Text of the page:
Back in 1921, several Douglas County farmers formed a cooperative to secure needed farming supplies and to save money in the process. They named the co-op the Douglas County Farm Bureau Cooperative Exchange.

Those farmers were plagued by the lack of a steady and reliable source of essential supplies such as seed, livestock feed, fertilizer and equipment. They figured if they bought in bulk, they would not only save money, but also get a better response when ordering.

It proved to be a successful venture.

While there have been ups and downs through the years, today, the Roseburg-based business, now known as the Douglas County Farmers Co-op, continues to be viable. It had sales of $20.7 million in 2018, $21.7 million in 2019 and $22.9 million in 2020.

This month, the co-op is celebrating its 100th year.

“There’s not very many businesses in Roseburg that have made it to 100 years,” said Guy Kennerly, chairman of the co-op’s five-member board. “The plan is to keep it going.”

“The co-op has adapted to its customers needs through the years,” said Melvin Burke, the cooperative’s general manager for the past 19 years.

The co-op has proven to be a survivor, having endured through the Great Depression, World War II, the Roseburg Blast in 1959, some major floods and snowstorms in the county and most recently the COVID-19 pandemic. The blast leveled the co-op’s building on Southeast Washington Avenue. The business re-opened three days later at three temporary sites. A year later, the co-op returned to its newly constructed building on Southeast Washington Avenue.

The co-op expanded in 1977 by opening a fertilizer storage and sales facility in Wilbur. Further expansion followed when 5 acres of land alongside Northeast Stephens Street was purchased. A 24,000-square-foot store, convenience store and deli, and fuel station were built and opened to the public in 2003.

In 2013, the co-op expanded into Winston, leasing what had previously been a hardware store. The positive customer response to that store led the co-op to purchase 4.7 acres of land on the west edge of Winston. Plans call for ground breaking and the start of construction this month on a 16,000-square-foot retail store, a 5,800-square-foot convenience store and deli, and fuel station. The product inventory in the new store will be similar to that of the Roseburg store.

“There’s not very many businesses that can talk about and celebrate 100 years,” said Burke. “It’s just a good success story. There have been years that were lean, but through loyal customers the co-op has been able to survive. We’re going to celebrate that success and that 100-year milestone all year.

“Building the new store in Winston is part of the 100-year celebration,” Burke added.

Because of restrictions due to the pandemic, Burke said no grand celebration is planned at this time, but there are prize giveaways through social media.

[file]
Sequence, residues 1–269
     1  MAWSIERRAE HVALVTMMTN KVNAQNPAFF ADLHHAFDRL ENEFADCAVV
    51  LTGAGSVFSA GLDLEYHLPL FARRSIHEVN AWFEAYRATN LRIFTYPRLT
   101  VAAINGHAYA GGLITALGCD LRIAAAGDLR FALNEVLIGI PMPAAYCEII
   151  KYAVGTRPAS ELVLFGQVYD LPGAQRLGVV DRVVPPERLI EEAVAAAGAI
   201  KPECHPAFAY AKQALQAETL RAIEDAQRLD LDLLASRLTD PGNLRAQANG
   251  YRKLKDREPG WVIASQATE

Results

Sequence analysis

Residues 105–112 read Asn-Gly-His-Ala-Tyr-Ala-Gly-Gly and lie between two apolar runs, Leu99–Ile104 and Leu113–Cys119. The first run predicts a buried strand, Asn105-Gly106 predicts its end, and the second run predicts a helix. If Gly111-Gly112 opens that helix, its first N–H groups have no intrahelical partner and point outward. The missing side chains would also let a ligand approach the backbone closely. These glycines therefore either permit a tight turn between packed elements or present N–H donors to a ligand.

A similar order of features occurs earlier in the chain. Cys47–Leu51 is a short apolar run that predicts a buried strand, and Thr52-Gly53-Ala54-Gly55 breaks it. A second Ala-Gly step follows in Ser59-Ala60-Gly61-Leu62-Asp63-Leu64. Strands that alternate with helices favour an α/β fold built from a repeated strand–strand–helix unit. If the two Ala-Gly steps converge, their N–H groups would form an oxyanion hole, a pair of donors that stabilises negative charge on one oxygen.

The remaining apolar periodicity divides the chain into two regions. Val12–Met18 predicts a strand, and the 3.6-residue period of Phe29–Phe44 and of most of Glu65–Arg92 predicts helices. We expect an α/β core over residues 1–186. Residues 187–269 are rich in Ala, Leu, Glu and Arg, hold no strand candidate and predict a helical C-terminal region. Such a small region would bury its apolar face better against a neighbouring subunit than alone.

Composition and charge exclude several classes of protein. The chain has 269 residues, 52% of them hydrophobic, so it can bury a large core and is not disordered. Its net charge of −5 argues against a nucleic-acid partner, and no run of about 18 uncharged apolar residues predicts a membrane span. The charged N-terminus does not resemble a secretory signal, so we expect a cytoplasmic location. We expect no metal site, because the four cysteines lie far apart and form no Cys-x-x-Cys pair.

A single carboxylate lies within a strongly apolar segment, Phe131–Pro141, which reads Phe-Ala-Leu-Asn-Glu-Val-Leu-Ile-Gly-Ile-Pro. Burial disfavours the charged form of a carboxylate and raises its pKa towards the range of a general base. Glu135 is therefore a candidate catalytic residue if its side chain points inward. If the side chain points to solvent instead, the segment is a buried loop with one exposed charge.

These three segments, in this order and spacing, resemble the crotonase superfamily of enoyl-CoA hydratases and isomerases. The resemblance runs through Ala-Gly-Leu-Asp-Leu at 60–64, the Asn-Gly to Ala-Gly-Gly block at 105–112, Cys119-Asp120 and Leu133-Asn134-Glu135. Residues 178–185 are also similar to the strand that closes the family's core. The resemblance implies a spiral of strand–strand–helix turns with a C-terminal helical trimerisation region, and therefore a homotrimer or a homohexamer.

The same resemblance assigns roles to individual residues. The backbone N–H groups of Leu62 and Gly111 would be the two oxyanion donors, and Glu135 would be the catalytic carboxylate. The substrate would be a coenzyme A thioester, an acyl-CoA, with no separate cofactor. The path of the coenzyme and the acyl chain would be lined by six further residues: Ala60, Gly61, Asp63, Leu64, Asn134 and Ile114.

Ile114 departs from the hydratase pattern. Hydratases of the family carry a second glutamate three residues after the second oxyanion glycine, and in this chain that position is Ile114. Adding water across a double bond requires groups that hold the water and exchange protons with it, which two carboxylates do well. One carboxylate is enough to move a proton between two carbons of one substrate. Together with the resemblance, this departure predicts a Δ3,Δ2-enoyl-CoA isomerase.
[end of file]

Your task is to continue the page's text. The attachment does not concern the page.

While the co-op was started by farmers and focused on their specific needs, the business’ inventory has broadened through the years and so has the store’s visitors. In addition to large and small farm and ranch owners, the co-op caters to those who work in their yards and gardens.

Douglas County Farmers Co-op has almost 6,000 members, but it is open to anybody who is in need of livestock and pet supplies, lawn and garden supplies, hardware, plumbing and irrigation products, seed and fertilizer, fence materials and clothes.

The membership fee is $50. Members receive an annual financial return based upon their purchases and the co-op’s net profitability. In 2020, $169,000 was returned to members.

Helping the co-op’s management staff make decisions is the board of directors. They are Kennerly, vice-chair Kurt Spencer, secretary Troy Michaels, Richard Holcomb and George Sandberg. All five are involved in agriculture in Douglas County.

Burke said the co-op has made changes in its product inventory according to the needs of customers.

“We know what customers are willing to buy from us and we have to have those products when they are wanted and at a competitive, affordable price,” he said.

Sandberg agreed that the store’s clientele has changed over the years as there are more small property owners and different product needs.

“The co-op is there to supply what we need, whether you are country or city,” he said.

There was concern early in 2020 that the pandemic would significantly impact sales. However, three factors – people realizing they were going to be homebound for an extended time, stimulus checks and the spring sun coming out – resulted in many outdoor projects. Burke said people bought products for building or fixing structures, landscaping and planting gardens, resulting in record sales and profitability for the co-op in 2020.

The co-op has 104 full- and part-time employees with a payroll of $2.9 million in 2020.

“We have always had the best employees in Douglas County,” Sandberg said. “They’re very helpful and knowledgeable. If you need a specific question answered, they will provide it or find someone who will.”

Burke said many of the employees are livestock owners or gardeners themselves so they can provide valuable advice from their own experiences.

“If we treat people well on their first visit, they’ll come back again and again and again,” Burke said. “Our loyal customers and employees have helped us be here for 100 years and we’re going to be here for the long term. Without either of them we wouldn’t be in business.”

Craig Reed is a freelance writer and former employee of The News-Review.

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Though having record sales in 2020, Douglas County Co-op still applied for and received $548,800 in federal Paycheck Protection Program money on April 13, 2020 for the 95 employees claimed on their application.

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